Editor’s note: This “Live Updates” coverage of the Ann Arbor city council’s March 3, 2014 meeting includes all the material from an earlier preview article published last week. The goal is to facilitate easier navigation from live-update material to background material already in the file.
The council’s first regular meeting in March will include several items of business leftover from previous meetings, including one resolution on affordable housing, an ordinance on outdoor smoking, and several matters related to public art.
The sign on the door to the Ann Arbor city council chamber, installed in the summer of 2013, includes Braille.
New to the agenda are several items related to non-motorized issues, most prominently a funding request to support the activity of an already-established task force on pedestrian safety and access.
The council will also be asked to fund requests related to city parks and other facilities like city hall and the airport. Eighteen new vehicles will also be added to the city’s fleet, contingent on council action on March 3.
The council will also consider a resolution that urges full funding of the state of Michigan’s fire protection grant program – for cities like Ann Arbor that host state-owned facilities like the University of Michigan.
In somewhat more detail, one public art issue, embodied in two different resolutions, was postponed from the council’s Feb. 18, 2014 meeting, when councilmembers could not agree on an approach to transferring money out of the public art fund back to the funds from which the money was originally drawn. The specific point dividing the council was not so much the transfer of money but rather a plan to fund the transition to a new approach to public art – after the council eliminated the Percent for Art funding mechanism last year.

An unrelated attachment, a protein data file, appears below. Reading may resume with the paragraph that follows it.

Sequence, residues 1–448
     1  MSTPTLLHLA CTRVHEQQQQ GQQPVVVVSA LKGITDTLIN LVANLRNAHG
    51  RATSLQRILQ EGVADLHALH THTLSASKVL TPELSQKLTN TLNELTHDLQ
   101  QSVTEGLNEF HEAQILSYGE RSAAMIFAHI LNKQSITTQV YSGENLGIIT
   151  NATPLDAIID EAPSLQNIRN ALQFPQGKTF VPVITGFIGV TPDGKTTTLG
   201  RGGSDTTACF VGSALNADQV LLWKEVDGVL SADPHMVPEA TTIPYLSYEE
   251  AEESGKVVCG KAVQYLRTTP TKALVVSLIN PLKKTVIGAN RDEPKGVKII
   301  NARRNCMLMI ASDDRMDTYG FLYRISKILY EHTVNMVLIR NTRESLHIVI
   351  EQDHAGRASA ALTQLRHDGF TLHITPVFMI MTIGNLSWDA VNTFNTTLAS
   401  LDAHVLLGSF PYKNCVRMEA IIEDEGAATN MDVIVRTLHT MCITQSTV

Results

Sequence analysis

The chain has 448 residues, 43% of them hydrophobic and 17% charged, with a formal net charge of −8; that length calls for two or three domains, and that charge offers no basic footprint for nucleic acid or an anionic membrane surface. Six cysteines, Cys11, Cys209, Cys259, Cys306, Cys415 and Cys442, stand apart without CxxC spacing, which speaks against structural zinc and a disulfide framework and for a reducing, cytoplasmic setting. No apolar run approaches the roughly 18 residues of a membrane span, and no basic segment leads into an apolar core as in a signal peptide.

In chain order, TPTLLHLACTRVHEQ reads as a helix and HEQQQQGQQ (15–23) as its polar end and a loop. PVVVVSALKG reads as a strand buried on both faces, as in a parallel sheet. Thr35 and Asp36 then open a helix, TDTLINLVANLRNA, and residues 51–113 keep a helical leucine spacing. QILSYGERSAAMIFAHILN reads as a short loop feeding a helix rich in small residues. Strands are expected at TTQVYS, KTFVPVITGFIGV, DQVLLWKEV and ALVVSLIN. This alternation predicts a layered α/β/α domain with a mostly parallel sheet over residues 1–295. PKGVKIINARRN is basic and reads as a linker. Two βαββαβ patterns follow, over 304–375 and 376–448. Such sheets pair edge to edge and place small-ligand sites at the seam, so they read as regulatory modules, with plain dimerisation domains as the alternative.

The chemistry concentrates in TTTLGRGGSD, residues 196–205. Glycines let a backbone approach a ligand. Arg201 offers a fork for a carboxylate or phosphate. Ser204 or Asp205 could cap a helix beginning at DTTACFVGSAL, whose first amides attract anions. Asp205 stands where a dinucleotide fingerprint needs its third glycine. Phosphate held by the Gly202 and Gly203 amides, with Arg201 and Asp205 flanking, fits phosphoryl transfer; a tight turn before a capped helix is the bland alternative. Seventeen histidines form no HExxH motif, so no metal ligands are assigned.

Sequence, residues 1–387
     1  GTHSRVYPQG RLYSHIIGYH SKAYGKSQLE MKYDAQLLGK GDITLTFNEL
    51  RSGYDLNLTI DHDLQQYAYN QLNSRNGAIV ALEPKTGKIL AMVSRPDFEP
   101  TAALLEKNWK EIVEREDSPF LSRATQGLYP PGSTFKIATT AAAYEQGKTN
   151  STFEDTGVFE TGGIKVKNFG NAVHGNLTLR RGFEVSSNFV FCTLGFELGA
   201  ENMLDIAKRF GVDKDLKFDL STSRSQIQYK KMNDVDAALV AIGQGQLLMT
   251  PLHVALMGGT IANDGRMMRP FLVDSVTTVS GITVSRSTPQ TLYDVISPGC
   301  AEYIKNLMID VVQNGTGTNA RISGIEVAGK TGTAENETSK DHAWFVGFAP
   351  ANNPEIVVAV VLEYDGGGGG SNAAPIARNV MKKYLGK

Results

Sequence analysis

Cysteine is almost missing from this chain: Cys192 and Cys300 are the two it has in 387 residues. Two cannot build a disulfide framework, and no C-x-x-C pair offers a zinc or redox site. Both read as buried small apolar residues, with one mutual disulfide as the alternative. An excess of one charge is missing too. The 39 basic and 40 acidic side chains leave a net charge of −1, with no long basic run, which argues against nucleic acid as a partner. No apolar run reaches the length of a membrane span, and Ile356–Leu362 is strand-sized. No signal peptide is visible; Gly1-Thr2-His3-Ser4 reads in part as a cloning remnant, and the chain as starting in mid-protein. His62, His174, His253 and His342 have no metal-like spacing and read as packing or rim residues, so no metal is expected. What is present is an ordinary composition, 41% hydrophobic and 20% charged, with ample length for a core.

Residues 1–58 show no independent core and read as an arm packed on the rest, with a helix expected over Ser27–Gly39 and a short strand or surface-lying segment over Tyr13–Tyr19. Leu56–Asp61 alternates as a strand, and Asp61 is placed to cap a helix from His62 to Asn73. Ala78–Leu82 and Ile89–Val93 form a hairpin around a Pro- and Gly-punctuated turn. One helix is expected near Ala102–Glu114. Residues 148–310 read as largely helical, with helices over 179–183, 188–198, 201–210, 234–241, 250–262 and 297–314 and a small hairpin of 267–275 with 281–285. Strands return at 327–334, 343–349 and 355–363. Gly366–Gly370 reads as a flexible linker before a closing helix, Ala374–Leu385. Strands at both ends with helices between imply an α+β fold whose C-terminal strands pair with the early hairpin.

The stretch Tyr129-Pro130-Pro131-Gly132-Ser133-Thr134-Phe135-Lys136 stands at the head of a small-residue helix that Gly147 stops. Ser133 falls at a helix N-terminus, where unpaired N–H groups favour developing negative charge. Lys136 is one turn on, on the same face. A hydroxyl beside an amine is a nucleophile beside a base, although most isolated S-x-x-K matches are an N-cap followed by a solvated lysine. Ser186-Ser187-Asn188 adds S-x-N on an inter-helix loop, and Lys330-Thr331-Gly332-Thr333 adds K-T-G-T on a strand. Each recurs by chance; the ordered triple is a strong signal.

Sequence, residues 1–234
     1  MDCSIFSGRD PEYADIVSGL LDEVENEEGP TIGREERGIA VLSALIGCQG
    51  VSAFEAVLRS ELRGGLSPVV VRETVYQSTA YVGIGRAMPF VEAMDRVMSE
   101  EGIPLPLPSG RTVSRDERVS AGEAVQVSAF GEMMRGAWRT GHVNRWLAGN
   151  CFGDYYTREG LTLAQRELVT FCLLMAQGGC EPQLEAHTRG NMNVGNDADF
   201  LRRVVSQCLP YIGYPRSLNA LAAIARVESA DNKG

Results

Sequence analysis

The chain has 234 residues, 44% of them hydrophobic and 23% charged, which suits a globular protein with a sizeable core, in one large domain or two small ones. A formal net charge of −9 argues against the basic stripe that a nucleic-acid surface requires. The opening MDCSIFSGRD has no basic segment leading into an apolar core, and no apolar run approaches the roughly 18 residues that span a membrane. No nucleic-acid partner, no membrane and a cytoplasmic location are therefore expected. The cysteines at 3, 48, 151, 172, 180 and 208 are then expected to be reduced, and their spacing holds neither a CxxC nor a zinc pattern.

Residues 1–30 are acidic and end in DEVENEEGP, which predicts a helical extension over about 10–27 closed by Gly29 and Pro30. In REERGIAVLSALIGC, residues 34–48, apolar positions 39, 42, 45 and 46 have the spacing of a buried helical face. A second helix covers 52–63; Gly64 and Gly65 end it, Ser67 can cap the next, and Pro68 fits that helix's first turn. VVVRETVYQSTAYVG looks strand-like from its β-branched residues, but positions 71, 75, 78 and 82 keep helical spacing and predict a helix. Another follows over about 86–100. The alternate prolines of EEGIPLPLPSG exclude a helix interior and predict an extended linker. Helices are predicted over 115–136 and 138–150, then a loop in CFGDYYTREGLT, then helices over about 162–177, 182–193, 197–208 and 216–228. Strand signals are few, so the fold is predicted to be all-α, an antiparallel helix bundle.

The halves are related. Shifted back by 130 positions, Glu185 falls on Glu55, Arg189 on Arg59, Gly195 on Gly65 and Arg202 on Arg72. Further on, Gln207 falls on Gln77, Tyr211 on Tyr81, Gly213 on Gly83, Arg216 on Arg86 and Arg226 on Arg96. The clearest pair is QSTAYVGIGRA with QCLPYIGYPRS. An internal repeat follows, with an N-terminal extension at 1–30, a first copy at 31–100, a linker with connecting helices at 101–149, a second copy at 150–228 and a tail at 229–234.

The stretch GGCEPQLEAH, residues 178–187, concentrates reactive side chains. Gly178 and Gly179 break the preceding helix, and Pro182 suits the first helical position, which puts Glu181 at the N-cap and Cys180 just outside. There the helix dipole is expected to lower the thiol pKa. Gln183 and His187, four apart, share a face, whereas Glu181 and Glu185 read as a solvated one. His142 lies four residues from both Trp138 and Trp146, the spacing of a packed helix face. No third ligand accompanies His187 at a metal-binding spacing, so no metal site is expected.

Between council meetings, those issues have been separated out. The resolution ordered first on the agenda has been altered for consideration on March 3 so that it focuses exclusively on the public art program transition issue. The second resolution incorporates changes to reflect the council’s deliberations on Feb. 18: It transfers a total of $943,005 of Percent for Art money to its funds of origin, an amount that defunds the art project at Argo Cascades, but keeps funding for the Coleman Jewett memorial and for a project called Canoe Imagine Art. [public art resolution (1) for consideration on March 3, 2014] [public art resolution (2) for consideration on March 3, 2014]
That disagreement over funding of the new approach to public art – created by the council last summer when it eliminated the Percent for Art funding mechanism – is also related to another public art item on the agenda. That’s a six-month contract extension for the city’s part-time public art administrator. The item first appeared on the council’s Jan. 21 agenda, but the council postponed that vote until Feb. 3, when it was defeated. On Feb. 18 it was then brought back for reconsideration, but immediately postponed until the March 3 meeting.